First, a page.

, Britain's Daily Mail
reports that the Thames Valley police are employing 16 year-old quasi-officers (16 is a common age for leaving school in the UK):Two 16-year-olds have been recruited as police community support officers with the authority to detain and question suspects.
The pair, just out of school, will join foot patrols from a 'busy' police station.
The move by Thames Valley Police has triggered a row about public safety and allegations that forces - and the Government - are trying to "police on the cheap".
Many other forces said today that they would not employ PCSOs under the age of 18, although Humberside Police admitted they had a 17-year-old PCSO on the beat. A force spokesman claimed policy stated that 16-year-olds could be hired "at the discretion of the Chief Officer".
The Thames Valley force teenagers are two years too young to join the regular police force. If they were offenders, they would be tried in juvenile rather than adult courts.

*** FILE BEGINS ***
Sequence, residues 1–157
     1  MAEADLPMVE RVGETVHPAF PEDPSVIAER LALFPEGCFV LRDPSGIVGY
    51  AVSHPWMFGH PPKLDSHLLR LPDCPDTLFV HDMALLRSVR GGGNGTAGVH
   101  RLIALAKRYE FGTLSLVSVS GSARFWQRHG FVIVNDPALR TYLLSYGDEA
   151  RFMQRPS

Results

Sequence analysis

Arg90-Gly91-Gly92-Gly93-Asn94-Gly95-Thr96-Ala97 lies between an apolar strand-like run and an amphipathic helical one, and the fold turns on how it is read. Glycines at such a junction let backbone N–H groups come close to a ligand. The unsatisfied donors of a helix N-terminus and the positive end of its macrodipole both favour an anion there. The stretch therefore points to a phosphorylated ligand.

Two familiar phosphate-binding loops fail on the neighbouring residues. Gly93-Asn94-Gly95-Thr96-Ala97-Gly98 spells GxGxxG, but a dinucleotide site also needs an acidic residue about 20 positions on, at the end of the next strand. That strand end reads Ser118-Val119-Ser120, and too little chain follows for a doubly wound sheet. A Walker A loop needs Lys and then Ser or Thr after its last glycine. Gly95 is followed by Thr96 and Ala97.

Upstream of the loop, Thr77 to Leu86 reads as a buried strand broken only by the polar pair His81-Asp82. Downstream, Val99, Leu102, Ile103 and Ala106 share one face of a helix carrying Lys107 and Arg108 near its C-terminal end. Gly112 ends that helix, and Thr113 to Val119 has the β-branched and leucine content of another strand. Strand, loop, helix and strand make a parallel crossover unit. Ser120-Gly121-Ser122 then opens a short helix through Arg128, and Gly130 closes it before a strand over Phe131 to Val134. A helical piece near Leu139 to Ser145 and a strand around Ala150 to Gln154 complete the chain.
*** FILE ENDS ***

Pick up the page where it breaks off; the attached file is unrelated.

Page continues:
Yet they will have a string of powers, including the right to detain offenders, stop and search under terror laws, issue penalty notices for disorder and stop vehicles.
The development is the latest controversy to hit PCSOs, dubbed Blunkett's Bobbies after the Home Secretary who created them - but now being branded Blunkett's Babies.
I'm not thoroughly convinced that allowing 16 year-olds to work as police in any form is a good idea. But, with that being said, when I lived in a region adjoining that of the Thames Valley, it struck me that they did need a whole lot more police. Ideally, they'd be recruiting them from the adult population, but if that hasn't been possible, and the 16 year-olds are eager and any bit more mature than I was when I was 16, then maybe this isn't quite as bad as it looks. At the very least, these two 16 year-olds appear to be on a good career path at the moment-- something that a lot of 16 year-olds in Britain cannot say.